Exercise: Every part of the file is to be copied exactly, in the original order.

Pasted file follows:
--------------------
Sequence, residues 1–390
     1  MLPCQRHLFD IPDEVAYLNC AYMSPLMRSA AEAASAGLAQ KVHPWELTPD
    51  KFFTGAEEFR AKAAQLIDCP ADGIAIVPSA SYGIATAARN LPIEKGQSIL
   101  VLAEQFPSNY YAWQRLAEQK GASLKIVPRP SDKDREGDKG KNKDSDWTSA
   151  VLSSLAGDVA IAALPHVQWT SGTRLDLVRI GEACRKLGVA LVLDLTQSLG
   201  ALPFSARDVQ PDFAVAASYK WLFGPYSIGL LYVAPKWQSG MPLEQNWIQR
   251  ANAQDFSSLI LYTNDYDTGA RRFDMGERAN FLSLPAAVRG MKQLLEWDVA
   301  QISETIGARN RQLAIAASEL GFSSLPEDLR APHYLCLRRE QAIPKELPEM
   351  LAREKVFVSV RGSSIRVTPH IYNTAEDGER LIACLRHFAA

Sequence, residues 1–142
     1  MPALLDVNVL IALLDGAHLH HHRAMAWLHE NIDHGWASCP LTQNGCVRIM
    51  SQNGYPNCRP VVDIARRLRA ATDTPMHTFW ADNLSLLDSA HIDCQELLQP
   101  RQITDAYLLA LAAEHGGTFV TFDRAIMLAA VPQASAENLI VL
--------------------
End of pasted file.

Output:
Sequence, residues 1–390
     1  MLPCQRHLFD IPDEVAYLNC AYMSPLMRSA AEAASAGLAQ KVHPWELTPD
    51  KFFTGAEEFR AKAAQLIDCP ADGIAIVPSA SYGIATAARN LPIEKGQSIL
   101  VLAEQFPSNY YAWQRLAEQK GASLKIVPRP SDKDREGDKG KNKDSDWTSA
   151  VLSSLAGDVA IAALPHVQWT SGTRLDLVRI GEACRKLGVA LVLDLTQSLG
   201  ALPFSARDVQ PDFAVAASYK WLFGPYSIGL LYVAPKWQSG MPLEQNWIQR
   251  ANAQDFSSLI LYTNDYDTGA RRFDMGERAN FLSLPAAVRG MKQLLEWDVA
   301  QISETIGARN RQLAIAASEL GFSSLPEDLR APHYLCLRRE QAIPKELPEM
   351  LAREKVFVSV RGSSIRVTPH IYNTAEDGER LIACLRHFAA

Sequence, residues 1–142
     1  MPALLDVNVL IALLDGAHLH HHRAMAWLHE NIDHGWASCP LTQNGCVRIM
    51  SQNGYPNCRP VVDIARRLRA ATDTPMHTFW ADNLSLLDSA HIDCQELLQP
   101  RQITDAYLLA LAAEHGGTFV TFDRAIMLAA VPQASAENLI VL